In view of the above description, numerous features of the disclosed embodiments will be apparent to those skilled in the art: One feature of the preferred embodiment is that it maximizes the rate at which a stream of compressed input image data can be decompressed. In particular, the construction of an extended Huffman tree permits a plurality of tokens to be obtained with a single word sampled from the input data stream. Another feature of the disclosed embodiment is that it maximizes the rate at which tokens can be processed through a procedure in which decision making is minimized. In particular, each token is applied to a preset formula, and an address, corresponding to a location in predeveloped code, is determined. Processing of the token is achieved as result of accessing the predeveloped code at the determined location. Yet another feature of the disclosed embodiment is that image processing can be performed for compressed image data without decompressing the compressed image data completely. In one instance, image processing can be performed with one or more change vectors obtained from the compressed image data. As should be recognized, the rate of manipulating partially decompressed data exceeds the rate of manipulating fully decompressed data. Another feature of the disclosed embodiment is that image data can be converted from a first compressed format to a second compressed format without decompressing the image data of the first format completely. That is, the second compressed format can be obtained from a plurality of change vectors.
|Cited Patent||Filing date||Publication date||Applicant||Title|
|US3777066 *||Jan 13, 1972||Jul 30, 1996||Univ Iowa Res Found||Method and system for synchronizing the transmission of digital data while providing variable length filler code|
|US3813485 *||Jan 5, 1972||May 28, 1974||Ibm||System for compression of digital data|
|US3883847 *||Mar 28, 1974||May 13, 1975||Bell Telephone Labor Inc||Uniform decoding of minimum-redundancy codes|
|US4044347 *||May 19, 1975||Aug 23, 1977||International Business Machines Corporation||Variable-length to fixed-length conversion of minimum-redundancy codes|
|US4559563 *||Oct 11, 1983||Dec 17, 1985||Xerox Corporation||Adaptive prediction for binary encoded documents containing a mixture of text, line drawings and halftones|
|US4901363 *||Sep 28, 1988||Feb 13, 1990||International Business Machines Corporation||System for compressing bi-level data|
|US5109433 *||Jul 12, 1990||Apr 28, 1992||Microsoft Corporation||Compressing and decompressing text files|
|US5151949 *||Oct 10, 1990||Sep 29, 1992||Fuji Xerox Co., Ltd.||System and method employing multiple predictor sets to compress image data having different portions|
|US5253053 *||Dec 31, 1990||Oct 12, 1993||Apple Computer, Inc.||Variable length decoding using lookup tables|
|1||D. A. Huffman, "A Method for the Construction of Minimum Redundancy Codes," Proc. of the IRE, v. 40, pp. 1098-1101, Sep. 1952.|
|2||*||D. A. Huffman, A Method for the Construction of Minimum Redundancy Codes, Proc. of the IRE, v. 40, pp. 1098 1101, Sep. 1952.|
|Citing Patent||Filing date||Publication date||Applicant||Title|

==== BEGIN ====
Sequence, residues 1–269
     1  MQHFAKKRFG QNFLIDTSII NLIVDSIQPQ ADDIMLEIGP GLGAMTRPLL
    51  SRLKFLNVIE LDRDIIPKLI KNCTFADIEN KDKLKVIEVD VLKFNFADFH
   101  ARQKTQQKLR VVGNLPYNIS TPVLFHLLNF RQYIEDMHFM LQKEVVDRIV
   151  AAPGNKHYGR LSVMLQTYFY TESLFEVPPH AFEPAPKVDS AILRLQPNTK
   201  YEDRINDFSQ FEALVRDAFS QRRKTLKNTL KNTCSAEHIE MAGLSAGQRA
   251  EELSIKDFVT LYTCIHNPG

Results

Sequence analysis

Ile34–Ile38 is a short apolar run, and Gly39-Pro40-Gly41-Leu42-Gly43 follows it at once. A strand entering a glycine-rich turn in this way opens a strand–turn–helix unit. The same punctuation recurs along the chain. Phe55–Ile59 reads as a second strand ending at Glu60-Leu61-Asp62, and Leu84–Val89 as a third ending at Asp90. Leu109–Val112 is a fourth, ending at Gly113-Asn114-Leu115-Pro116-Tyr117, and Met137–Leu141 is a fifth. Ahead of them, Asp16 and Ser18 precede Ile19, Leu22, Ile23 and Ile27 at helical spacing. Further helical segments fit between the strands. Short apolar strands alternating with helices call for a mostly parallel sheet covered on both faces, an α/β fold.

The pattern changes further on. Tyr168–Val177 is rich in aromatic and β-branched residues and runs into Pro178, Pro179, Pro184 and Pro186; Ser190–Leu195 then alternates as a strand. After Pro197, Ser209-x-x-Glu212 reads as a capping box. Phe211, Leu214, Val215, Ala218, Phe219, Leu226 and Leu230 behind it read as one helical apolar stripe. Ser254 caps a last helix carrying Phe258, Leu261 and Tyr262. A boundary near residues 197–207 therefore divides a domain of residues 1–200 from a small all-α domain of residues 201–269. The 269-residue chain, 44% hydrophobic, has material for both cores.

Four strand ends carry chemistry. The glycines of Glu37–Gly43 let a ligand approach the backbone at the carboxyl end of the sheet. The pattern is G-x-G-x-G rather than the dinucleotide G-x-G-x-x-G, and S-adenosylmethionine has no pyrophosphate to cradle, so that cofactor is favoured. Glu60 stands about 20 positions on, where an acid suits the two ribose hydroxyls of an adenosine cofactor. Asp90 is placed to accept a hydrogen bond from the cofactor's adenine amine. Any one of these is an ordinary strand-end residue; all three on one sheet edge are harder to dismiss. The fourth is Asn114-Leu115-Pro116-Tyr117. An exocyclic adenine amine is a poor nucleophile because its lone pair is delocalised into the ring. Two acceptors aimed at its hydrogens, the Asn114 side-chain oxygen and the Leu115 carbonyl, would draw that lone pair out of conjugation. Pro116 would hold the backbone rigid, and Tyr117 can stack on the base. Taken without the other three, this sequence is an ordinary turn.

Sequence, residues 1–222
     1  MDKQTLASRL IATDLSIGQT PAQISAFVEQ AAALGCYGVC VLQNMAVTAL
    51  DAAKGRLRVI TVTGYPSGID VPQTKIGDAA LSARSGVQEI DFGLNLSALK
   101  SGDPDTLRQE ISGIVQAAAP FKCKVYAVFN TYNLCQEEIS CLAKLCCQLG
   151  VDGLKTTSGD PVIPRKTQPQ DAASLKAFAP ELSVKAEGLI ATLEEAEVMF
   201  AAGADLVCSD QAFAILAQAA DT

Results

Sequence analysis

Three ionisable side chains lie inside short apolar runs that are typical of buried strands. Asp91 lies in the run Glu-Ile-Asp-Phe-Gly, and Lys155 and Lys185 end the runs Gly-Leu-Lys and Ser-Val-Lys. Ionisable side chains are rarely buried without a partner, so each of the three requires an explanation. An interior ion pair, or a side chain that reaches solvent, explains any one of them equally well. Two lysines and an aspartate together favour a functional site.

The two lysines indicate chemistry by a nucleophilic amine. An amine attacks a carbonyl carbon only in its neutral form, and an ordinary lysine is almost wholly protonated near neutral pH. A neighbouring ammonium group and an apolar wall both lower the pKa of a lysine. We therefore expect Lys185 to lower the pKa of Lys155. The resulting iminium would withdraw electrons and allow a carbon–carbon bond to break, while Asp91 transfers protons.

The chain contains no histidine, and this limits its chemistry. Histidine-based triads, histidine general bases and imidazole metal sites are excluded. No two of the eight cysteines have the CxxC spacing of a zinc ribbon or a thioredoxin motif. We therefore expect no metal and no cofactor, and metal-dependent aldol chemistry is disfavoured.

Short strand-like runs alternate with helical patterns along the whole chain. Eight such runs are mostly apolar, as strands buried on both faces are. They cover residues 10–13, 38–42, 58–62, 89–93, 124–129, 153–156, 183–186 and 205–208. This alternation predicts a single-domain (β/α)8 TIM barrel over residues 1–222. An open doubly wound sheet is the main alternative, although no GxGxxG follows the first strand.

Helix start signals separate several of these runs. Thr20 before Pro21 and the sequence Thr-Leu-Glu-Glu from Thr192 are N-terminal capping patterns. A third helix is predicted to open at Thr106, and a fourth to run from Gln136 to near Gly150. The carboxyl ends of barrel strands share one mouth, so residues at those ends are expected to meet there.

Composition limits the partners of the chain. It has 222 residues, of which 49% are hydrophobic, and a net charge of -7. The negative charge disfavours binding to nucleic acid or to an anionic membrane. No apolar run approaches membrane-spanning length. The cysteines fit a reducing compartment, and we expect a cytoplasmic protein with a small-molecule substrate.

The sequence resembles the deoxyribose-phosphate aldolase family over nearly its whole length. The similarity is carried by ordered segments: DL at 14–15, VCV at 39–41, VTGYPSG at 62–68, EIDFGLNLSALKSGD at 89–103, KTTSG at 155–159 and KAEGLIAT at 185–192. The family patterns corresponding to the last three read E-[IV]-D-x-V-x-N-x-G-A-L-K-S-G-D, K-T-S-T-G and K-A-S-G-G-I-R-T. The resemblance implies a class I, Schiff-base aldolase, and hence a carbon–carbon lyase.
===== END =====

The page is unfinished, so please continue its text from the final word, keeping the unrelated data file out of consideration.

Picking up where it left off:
|US6157746 *||Dec 31, 1997||Dec 5, 2000||Sarnoff Corporation||Apparatus and method for encoding wavelet trees generated by a wavelet-based coding method|
|US6236758||Oct 22, 1999||May 22, 2001||Sarnoff Corporation||Apparatus and method for encoding wavelet trees by backward predictive coding of wavelet transformed coefficients|
|US6279062 *||Dec 28, 1998||Aug 21, 2001||Compaq Computer Corp.||System for reducing data transmission between coprocessors in a video compression/decompression environment by determining logical data elements of non-zero value and retrieving subset of the logical data elements|
|US6298163||Oct 22, 1999||Oct 2, 2001||Sarnoff Corporation||Apparatus and method for encoding wavelet trees generated by a wavelet-based coding method using band dependent tables|
|US7330854 *||Oct 30, 2003||Feb 12, 2008||Siemens Aktiengesellschaft||Generating a bit stream from an indexing tree|
|US7620632||Dec 7, 2004||Nov 17, 2009||Skyler Technology, Inc.||Method and/or system for performing tree matching|
|US7627591||Dec 7, 2004||Dec 1, 2009||Skyler Technology, Inc.||Method and/or system for manipulating tree expressions|
|US7630995||Dec 7, 2004||Dec 8, 2009||Skyler Technology, Inc.||Method and/or system for transmitting and/or receiving data|
|US7636727 *||Dec 6, 2004||Dec 22, 2009||Skyler Technology, Inc.||Enumeration of trees from finite number of nodes|
|US7681177||Feb 23, 2006||Mar 16, 2010||Skyler Technology, Inc.||Method and/or system for transforming between trees and strings|
|US7801923||Dec 6, 2004||Sep 21, 2010||Robert T. and Virginia T. Jenkins as Trustees of the Jenkins Family Trust||Method and/or system for tagging trees|
|US7809553 *||Jul 17, 2007||Oct 5, 2010||Research In Motion Limited||System and method of creating and using compact linguistic data|
|US7882147||Dec 6, 2004||Feb 1, 2011||Robert T. and Virginia T. Jenkins||File location naming hierarchy|
|US7899821||Apr 26, 2006||Mar 1, 2011||Karl Schiffmann||Manipulation and/or analysis of hierarchical data|
|US8037102||Dec 6, 2004||Oct 11, 2011||Robert T. and Virginia T. Jenkins||Manipulating sets of hierarchical data|
|US8316059||Dec 27, 2005||Nov 20, 2012||Robert T. and Virginia T. Jenkins||Enumeration of rooted partial subtrees|
|US8356040||Mar 20, 2006||Jan 15, 2013||Robert T. and Virginia T. Jenkins||Method and/or system for transforming between trees and arrays|
|US8443339||Feb 8, 2010||May 14, 2013||Robert T. and Virginia T. Jenkins||Method and/or system for transforming between trees and strings|
|US8612461 *||Nov 30, 2009||Dec 17, 2013||Robert T. and Virginia T. Jenkins||Enumeration of trees from finite number of nodes|
|US8615530||Dec 27, 2005||Dec 24, 2013||Robert T. and Virginia T. Jenkins as Trustees for the Jenkins Family Trust||Method and/or system for tree transformation|
|US8626777||Oct 13, 2009||Jan 7, 2014||Robert T. Jenkins||Method and/or system for manipulating tree expressions|